i read this post last week on poets & quants. it’s the “best of” admissions advice from the blog, militarytobusiness, which chronicles a us military officer’s journey to the business world as he attends harvard business school.
hbs is the second most selective (hardest) mba program to get into so i think i could learn a thing or two from this person. especially since he/she started his/her own admissions consulting!
these tips are really valuable and a really different approach than what i had planned on doing for my applications this fall.
i won’t copy/paste the entire story…i’ll just include the main points and you can read the details and the reasoning behind them from the original post.
- begin your dream school application first, but turn it in last
- submit your applications in reverse order of priority
- apply to your safety school in round one; dream school in round two
- interview in reverse order of priority
- never apply to a school you are not willing to attend
- consider your business school interview the 30 most consequential minutes of your life
- mitigate perceived weaknesses by playing up presumed strengths
- consultant: strength – organization and presentation; weakness – lack of leadership or vision
- engineer: strength – technical and analytical; weakness – lack of people skills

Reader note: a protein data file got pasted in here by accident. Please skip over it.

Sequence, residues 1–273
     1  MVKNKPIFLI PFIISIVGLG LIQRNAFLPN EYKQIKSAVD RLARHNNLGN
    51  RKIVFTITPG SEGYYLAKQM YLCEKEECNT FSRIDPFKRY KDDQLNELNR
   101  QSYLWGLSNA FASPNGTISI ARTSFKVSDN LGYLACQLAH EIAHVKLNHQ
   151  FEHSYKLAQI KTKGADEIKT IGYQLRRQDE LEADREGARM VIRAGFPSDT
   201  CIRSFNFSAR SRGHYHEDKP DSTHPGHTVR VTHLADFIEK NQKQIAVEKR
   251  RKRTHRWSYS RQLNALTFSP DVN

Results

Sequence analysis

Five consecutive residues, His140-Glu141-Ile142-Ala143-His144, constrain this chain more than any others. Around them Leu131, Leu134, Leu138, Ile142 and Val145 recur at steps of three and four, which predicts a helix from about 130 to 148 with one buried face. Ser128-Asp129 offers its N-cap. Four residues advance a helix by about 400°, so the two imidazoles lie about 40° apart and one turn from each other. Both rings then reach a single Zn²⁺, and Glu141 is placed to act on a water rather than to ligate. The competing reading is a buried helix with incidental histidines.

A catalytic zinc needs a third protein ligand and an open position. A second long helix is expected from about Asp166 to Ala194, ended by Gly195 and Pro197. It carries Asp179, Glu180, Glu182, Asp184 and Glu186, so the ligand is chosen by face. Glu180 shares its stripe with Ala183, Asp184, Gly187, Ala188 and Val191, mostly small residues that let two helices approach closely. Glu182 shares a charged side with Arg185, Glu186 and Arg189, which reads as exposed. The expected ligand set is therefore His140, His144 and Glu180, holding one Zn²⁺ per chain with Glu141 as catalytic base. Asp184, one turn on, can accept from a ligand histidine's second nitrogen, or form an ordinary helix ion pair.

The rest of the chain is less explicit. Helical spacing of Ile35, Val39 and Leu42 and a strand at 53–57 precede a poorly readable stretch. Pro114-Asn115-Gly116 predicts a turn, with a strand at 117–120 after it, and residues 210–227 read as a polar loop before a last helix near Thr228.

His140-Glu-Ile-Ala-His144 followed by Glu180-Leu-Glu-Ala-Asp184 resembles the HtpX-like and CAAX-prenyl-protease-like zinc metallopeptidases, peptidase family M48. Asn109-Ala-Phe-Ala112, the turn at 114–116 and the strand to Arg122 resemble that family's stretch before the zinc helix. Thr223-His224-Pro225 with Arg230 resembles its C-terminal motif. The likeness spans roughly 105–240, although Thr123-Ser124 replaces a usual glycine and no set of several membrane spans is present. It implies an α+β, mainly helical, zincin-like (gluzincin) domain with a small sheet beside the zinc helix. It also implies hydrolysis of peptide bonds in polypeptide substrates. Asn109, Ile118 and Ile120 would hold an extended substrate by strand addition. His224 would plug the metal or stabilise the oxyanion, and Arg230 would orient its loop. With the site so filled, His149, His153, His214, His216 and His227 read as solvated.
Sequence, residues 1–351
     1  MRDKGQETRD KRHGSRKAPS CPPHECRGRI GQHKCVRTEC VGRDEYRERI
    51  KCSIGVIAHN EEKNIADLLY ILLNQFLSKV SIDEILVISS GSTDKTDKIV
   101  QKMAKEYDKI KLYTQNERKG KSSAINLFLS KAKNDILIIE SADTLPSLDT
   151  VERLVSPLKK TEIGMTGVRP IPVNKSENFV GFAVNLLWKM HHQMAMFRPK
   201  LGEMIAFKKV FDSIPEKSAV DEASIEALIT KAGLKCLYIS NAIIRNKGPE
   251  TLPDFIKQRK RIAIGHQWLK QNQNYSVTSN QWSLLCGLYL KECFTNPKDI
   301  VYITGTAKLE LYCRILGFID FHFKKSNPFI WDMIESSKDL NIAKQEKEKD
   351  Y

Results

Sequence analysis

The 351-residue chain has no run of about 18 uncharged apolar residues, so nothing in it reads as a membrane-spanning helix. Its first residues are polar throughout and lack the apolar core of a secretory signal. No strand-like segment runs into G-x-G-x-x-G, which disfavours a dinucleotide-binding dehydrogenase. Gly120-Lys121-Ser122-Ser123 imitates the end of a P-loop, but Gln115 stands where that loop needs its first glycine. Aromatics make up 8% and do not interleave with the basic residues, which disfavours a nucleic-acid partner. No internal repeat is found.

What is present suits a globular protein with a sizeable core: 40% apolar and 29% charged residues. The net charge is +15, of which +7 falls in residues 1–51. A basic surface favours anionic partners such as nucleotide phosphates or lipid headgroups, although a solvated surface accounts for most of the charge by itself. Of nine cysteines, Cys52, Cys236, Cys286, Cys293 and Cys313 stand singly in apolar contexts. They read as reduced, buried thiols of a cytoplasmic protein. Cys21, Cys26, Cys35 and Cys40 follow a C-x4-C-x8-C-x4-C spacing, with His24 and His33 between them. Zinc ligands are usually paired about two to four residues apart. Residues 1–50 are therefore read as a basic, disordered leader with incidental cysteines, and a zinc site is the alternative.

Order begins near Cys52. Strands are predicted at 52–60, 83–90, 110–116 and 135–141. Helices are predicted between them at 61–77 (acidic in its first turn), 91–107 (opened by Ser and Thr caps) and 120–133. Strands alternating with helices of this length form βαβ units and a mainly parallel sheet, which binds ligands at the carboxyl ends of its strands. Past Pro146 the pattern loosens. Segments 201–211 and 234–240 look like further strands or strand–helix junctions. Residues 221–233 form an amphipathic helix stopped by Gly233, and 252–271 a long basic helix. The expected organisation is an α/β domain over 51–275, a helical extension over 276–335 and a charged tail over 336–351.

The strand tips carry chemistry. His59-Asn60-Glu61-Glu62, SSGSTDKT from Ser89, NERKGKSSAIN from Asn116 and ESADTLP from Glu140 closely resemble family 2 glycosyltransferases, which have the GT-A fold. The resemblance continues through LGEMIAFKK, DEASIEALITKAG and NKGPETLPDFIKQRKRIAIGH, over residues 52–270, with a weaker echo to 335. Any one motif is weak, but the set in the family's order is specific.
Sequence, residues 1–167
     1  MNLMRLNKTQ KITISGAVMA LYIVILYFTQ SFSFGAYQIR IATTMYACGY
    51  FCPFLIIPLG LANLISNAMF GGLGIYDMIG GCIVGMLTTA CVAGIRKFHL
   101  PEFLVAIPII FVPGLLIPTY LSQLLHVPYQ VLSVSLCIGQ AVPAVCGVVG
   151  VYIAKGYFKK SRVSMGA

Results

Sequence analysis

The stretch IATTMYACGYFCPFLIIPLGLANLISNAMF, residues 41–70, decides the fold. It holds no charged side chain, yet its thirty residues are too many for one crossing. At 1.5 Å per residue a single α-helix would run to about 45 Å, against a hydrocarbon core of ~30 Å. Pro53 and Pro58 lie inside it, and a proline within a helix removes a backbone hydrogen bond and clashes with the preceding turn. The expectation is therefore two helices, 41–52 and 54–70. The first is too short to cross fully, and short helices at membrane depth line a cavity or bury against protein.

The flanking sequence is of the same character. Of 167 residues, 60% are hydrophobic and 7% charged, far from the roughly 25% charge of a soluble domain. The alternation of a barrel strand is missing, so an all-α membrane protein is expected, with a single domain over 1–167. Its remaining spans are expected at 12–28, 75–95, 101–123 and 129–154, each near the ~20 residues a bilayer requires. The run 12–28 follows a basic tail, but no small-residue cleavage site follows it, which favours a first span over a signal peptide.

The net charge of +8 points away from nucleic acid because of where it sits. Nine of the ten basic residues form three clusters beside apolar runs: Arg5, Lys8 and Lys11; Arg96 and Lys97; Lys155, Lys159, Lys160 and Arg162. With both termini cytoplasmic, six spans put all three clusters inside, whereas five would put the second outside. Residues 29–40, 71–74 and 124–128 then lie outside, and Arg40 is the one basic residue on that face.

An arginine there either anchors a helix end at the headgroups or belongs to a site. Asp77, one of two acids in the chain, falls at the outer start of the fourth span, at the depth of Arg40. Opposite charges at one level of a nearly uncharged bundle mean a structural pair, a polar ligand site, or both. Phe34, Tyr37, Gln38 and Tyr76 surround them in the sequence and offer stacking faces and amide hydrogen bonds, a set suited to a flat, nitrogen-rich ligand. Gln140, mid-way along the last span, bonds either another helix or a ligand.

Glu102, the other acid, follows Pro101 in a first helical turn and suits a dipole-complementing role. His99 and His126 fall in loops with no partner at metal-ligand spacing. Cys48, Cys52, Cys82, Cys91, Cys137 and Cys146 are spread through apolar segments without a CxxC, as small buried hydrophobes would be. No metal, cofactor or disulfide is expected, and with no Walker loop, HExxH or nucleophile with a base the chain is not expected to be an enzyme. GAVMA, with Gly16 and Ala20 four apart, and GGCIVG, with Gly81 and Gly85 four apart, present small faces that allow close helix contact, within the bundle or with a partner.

- military: strength – leadership and ethics; weakness – working in ambiguously defined environments, working without a clear chain of command
- non-traditionalist (artist, social sector, etc.): strength – unique experiences and fresh perspectives; weakness – lack of business and math ability
- investment banker: strength – business and computational skills; weakness – lack of leadership ability, lack of interest outside of work.
- international: strength – strong global viewpoint, language skills; weakness – poor (english) presentation skills, challenges adapting to western business
- younger applicant: strength – academic rigor, vitality; weakness – lack of experience, immature
- older applicant: strength – experience, maturity; weakness – lack of career focus, reluctance to change or to adapt
a lot of the reasoning he/she provided made sense to me and i think i may incorporate it into my strategy. submitting my applications in reverse order of priority is something i hadn’t considered and may be a little difficult if i decide to apply to columbia since they have rolling admissions (so it’s generally better to turn this one in asap).